Myth: Offshoring Doom and Gloom for U.S. Workers; Reality: More Hope Than the Hype

New Bain & Co. analysis reveals 50 times more Americans quit jobs each month than get offshored


New Bain & Co. analysis reveals 50 times more Americans quit jobs each month than get offshored

New York — July 8, 2004 — While the extinction of the American worker due to offshoring continues to fill the front of news pages, new analysis from Bain & Co., a global business consultancy, suggests differently.

Bain pointed to recent data that shows little proof that offshoring represents a major source of U.S. job loss. In April 2004 alone, the U.S. economy witnessed a "net gain" of 330,000 jobs — a result of 4.36 million people starting a new job and 4.03 million people losing or leaving their jobs (approximately half left voluntarily and approximately half were laid off or fired).

"Bain estimates that roughly 40,000 jobs are currently offshored each month — or approximately 1 percent of all job losses," said Mark Gottfredson, partner and co-head of the Capability Sourcing Practice for Bain & Co. "That means that 50 times more Americans quit their job each month than get offshored."

Bain's analysis was based on a combination of publicly-available sources, e.g., Bureau of Labor Statistics studies, and its own proprietary research.

A Brightening Jobs Outlook

Bain said it sees the clouds partially clearing and a brightening jobs outlook forming for U.S. workers. The business consultancy pointed to offshoring projections through 2008 that range from a continued 40,000 jobs per month on the low side, to 80,000 jobs per month on the high side. But even the more dramatic projection for U.S. jobs shifting abroad still suggests that offshoring losses will be dwarfed by other factors, such as voluntary and involuntary severances.

In addition, many studies show that the effects of low population growth, coupled with a retiring baby boomer workforce, will cause a pronounced U.S. labor shortage starting in 2008. Therefore, even with up to 3 million jobs being offshored by 2012, the U.S. is likely to have a shortage of approximately 3 million to 7 million jobs by then. Where will shortages likely occur? Just one case in point: Studies show a projected six-fold increase in the size of the shortage of registered nurses in the U.S. by the year 2020.

Bain's analysis further evaluateed relevant employment factors such as current industry size and employment levels, as well as industry and job growth projections through 2012. The results showed losses in some industry job categories, but signs of growth in others.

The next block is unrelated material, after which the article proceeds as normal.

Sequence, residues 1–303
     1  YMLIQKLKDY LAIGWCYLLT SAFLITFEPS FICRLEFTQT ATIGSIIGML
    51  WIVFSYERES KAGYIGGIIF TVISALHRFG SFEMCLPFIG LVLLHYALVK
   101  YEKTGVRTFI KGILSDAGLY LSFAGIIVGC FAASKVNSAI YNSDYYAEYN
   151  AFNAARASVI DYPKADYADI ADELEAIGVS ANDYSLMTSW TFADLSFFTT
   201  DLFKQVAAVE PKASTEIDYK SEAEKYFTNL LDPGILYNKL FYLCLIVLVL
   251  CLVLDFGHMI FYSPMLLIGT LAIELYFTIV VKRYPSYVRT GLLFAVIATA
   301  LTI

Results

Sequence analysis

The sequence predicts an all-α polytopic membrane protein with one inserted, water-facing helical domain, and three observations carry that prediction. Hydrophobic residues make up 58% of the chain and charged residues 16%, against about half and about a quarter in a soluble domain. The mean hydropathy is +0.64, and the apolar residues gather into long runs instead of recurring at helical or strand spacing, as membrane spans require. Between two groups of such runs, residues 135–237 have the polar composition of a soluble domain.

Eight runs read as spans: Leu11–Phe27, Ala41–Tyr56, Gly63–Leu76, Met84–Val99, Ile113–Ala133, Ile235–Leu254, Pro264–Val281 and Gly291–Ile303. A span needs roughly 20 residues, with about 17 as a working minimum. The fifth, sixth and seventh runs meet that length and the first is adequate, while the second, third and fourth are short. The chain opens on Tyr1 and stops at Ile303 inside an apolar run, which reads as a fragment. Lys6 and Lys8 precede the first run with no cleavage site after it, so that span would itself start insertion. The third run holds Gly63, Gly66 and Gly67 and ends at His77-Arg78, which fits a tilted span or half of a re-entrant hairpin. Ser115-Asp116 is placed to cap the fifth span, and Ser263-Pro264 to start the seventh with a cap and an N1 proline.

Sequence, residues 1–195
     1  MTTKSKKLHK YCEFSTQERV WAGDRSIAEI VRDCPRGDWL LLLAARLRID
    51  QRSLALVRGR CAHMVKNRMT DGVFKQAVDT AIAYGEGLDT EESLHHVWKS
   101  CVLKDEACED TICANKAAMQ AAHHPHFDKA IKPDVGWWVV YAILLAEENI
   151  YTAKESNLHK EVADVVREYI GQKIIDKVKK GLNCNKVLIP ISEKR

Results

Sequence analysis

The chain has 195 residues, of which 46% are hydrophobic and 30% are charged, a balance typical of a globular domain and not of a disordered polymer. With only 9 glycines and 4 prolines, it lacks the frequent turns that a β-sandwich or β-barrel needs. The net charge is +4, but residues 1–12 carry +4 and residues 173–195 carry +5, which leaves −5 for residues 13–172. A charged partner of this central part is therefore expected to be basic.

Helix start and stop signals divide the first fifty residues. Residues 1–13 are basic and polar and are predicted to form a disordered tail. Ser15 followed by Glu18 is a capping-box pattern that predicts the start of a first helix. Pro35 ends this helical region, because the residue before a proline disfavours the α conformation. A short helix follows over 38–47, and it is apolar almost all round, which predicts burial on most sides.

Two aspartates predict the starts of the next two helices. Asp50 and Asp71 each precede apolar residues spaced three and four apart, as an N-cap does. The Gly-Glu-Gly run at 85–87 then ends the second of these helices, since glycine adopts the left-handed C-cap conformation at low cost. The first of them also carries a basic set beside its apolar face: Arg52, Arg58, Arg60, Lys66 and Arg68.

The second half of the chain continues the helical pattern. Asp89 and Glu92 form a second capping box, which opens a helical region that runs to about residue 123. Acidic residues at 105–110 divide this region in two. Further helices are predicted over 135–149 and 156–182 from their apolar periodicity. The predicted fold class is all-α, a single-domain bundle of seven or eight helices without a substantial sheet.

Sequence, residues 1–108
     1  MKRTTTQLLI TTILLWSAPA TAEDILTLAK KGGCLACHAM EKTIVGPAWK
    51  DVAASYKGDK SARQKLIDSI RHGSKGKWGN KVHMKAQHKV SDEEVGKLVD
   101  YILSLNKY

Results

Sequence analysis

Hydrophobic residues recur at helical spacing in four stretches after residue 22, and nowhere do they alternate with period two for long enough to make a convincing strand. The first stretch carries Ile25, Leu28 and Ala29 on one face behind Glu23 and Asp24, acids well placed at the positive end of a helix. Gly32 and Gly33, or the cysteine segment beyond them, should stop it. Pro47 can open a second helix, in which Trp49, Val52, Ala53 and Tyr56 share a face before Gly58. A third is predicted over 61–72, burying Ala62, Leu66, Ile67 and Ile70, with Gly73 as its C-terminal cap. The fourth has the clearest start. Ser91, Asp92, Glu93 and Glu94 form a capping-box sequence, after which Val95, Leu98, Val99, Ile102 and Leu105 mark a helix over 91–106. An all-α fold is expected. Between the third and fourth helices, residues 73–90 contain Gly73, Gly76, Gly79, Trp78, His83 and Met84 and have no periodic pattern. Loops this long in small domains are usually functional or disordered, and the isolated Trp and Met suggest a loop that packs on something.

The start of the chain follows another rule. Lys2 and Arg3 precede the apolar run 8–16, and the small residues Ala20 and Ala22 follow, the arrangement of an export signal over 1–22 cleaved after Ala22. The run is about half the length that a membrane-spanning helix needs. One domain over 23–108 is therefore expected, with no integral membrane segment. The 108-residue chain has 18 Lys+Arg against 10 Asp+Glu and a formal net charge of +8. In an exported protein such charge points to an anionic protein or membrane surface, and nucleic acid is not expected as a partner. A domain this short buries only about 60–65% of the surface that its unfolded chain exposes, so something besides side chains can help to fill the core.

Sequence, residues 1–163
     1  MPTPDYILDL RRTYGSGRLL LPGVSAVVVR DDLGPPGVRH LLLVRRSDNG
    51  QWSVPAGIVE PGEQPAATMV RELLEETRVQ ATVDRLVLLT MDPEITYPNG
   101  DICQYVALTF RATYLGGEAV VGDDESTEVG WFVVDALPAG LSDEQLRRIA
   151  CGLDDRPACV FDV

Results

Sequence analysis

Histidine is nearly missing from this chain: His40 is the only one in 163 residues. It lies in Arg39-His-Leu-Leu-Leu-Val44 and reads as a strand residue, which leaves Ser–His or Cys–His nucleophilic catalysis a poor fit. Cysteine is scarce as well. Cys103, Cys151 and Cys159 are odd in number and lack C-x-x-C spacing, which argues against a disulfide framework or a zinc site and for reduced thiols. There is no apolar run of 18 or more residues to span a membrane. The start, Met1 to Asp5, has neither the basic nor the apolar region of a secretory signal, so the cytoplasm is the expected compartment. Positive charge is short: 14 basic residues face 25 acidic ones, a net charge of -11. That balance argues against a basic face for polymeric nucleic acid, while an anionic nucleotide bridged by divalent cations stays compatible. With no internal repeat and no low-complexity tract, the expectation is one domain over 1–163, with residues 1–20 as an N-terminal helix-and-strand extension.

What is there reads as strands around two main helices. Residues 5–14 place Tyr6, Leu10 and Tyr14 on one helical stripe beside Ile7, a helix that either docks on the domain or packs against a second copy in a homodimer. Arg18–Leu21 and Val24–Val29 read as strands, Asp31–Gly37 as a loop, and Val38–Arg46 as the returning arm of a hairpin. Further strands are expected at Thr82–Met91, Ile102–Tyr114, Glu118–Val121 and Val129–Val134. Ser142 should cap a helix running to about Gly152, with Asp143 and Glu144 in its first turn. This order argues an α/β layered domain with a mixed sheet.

Highlights of Bain's analysis include:

* In terms of percent growth, some of the greatest job gains are projected to be in the categories of computer systems design (4.5 percent); management, scientific and technical consulting (4.5 percent); community care services for the elderly (4.5 percent); Internet services and data processing (3.9 percent); ambulatory health care services for the elderly (3.9 percent); educational services (2.6 percent); and business security and support services (2.5 percent).

* The continued re-shaping of the projected American jobs landscape will see job losses, however, in traditional industry categories, including cut and sew apparel manufacturing (-12.2 percent); apparel knitting mills (-8.7 percent); fabric mills (-5.9 percent), apparel accessories (-5.4 percent); fiber, yarn and thread mills (-5.3 percent); metal ore mining (-4.8 percent); coal mining (-3.5 percent); and pulp, paper and paperboard mills (-2.8 percent).

The business consultancy was quick to point out, however, that this jobs analysis is of "known" employment categories. Alluding back to its historical view of capability sourcing and shifting, commercial innovation has traditionally been the biggest source of new job creation in the United States, according to Bain.

So, what is the prognosis for the future? Bain steered clear of crystal ball predictions, but did point to the emergence of new technologies, like nanotechnology and fuel cell technology, as possible future sources of new job growth.

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